It will be the third year during which Program Coordinator Reggie Moss and faculty members of the Terry College identify a business in the south metro Atlanta area and develop a financial and marketing plan for it as part of their summer business classes.
Such a plan is designed for a three- to five-year period and requires the business’s approval to release its financial data, which is why some businesses hesitate to get involved, even though the data will not be released to anyone, Moss said.
In creating a sense of competition, as is common practice in the business world, students are divided into three to four teams, with two or three students on each team, creating an individual financial and marketing plan. At the end of the class period, which lasts eight weeks, the owner of the business in question chooses the plan he likes the most.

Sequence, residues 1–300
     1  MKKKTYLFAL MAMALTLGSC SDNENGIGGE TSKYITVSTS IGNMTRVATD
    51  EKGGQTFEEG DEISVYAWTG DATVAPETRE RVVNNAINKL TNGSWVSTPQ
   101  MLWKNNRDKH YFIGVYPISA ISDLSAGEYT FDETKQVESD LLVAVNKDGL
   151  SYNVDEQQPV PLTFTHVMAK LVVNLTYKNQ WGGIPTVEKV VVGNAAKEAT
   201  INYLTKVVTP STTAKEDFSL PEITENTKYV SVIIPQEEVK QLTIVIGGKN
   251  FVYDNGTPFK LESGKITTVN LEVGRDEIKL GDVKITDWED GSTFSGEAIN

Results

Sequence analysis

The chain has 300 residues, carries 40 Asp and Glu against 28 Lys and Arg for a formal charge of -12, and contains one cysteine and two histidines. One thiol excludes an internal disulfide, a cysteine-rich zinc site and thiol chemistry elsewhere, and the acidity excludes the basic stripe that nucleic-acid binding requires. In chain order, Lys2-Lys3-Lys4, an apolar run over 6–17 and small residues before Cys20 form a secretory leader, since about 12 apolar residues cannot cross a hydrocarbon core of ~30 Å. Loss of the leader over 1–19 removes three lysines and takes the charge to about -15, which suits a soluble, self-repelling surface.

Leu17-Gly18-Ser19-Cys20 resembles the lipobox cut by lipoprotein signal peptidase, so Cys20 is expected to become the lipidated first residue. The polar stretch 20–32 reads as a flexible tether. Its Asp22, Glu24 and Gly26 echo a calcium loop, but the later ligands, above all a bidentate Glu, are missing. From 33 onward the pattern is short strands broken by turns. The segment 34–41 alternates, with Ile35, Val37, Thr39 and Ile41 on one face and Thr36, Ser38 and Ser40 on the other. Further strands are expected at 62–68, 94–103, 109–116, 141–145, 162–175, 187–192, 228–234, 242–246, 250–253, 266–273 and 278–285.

“The students do a lot of research and come up with a lot of good ideas,” said faculty member Alan Wolk, who coaches and directs students as they work on a business’s financial plan. “The students want to create something that’s credible and take pride in their work. There’s a lot of personal pride in them.”
Students also revisit businesses long after their financial and marketing plan was put in place. However, “we don’t have control of whether the business follows the plan,” said Moss.
Last summer, UGA-Griffin students examined Omni Power Clean. The company’s owner, a Harvard business graduate, was seriously considering selling the company, Moss said, but stuck with it after working with the students.
“He thought that we gave him a quality plan. He wrote letters of recommendation,” Moss said.